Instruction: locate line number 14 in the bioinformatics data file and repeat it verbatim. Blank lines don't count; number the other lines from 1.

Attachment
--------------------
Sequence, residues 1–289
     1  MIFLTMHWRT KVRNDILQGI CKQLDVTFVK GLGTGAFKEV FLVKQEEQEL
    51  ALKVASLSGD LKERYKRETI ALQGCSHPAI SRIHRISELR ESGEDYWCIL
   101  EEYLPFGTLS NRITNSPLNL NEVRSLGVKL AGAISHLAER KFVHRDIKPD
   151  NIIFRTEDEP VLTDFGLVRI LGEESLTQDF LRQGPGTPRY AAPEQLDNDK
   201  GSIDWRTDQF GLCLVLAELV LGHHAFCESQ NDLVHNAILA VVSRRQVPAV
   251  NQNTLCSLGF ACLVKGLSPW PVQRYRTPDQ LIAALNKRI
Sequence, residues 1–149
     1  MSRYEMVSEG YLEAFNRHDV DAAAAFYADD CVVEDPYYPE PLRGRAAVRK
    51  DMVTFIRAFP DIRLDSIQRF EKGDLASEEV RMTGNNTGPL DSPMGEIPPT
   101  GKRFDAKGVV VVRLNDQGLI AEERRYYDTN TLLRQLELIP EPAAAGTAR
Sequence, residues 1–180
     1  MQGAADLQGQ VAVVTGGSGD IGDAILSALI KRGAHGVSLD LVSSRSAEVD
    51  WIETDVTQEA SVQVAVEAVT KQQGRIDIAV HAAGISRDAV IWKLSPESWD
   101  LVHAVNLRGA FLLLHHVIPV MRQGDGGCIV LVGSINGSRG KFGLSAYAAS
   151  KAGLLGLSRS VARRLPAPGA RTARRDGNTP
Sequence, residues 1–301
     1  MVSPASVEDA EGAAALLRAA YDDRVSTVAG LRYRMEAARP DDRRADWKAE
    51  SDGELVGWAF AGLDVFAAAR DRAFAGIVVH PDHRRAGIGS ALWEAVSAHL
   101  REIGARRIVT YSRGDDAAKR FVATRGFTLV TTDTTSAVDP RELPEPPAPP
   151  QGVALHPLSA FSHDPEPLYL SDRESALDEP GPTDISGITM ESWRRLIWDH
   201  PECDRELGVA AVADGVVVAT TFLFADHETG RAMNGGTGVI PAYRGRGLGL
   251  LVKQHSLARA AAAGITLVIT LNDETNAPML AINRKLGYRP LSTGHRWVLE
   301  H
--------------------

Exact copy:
    51  WIETDVTQEA SVQVAVEAVT KQQGRIDIAV HAAGISRDAV IWKLSPESWD